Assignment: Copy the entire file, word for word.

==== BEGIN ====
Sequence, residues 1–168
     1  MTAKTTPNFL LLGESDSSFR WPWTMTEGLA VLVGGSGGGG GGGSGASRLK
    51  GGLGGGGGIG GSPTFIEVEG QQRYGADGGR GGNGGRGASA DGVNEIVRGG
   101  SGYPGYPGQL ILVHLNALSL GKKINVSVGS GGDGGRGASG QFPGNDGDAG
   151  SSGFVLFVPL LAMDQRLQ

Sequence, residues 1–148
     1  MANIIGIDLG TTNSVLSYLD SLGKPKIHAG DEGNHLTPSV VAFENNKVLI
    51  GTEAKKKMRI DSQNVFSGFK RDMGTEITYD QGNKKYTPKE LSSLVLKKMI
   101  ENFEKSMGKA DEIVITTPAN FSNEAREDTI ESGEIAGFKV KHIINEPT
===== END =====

Sequence, residues 1–168
     1  MTAKTTPNFL LLGESDSSFR WPWTMTEGLA VLVGGSGGGG GGGSGASRLK
    51  GGLGGGGGIG GSPTFIEVEG QQRYGADGGR GGNGGRGASA DGVNEIVRGG
   101  SGYPGYPGQL ILVHLNALSL GKKINVSVGS GGDGGRGASG QFPGNDGDAG
   151  SSGFVLFVPL LAMDQRLQ

Sequence, residues 1–148
     1  MANIIGIDLG TTNSVLSYLD SLGKPKIHAG DEGNHLTPSV VAFENNKVLI
    51  GTEAKKKMRI DSQNVFSGFK RDMGTEITYD QGNKKYTPKE LSSLVLKKMI
   101  ENFEKSMGKA DEIVITTPAN FSNEAREDTI ESGEIAGFKV KHIINEPT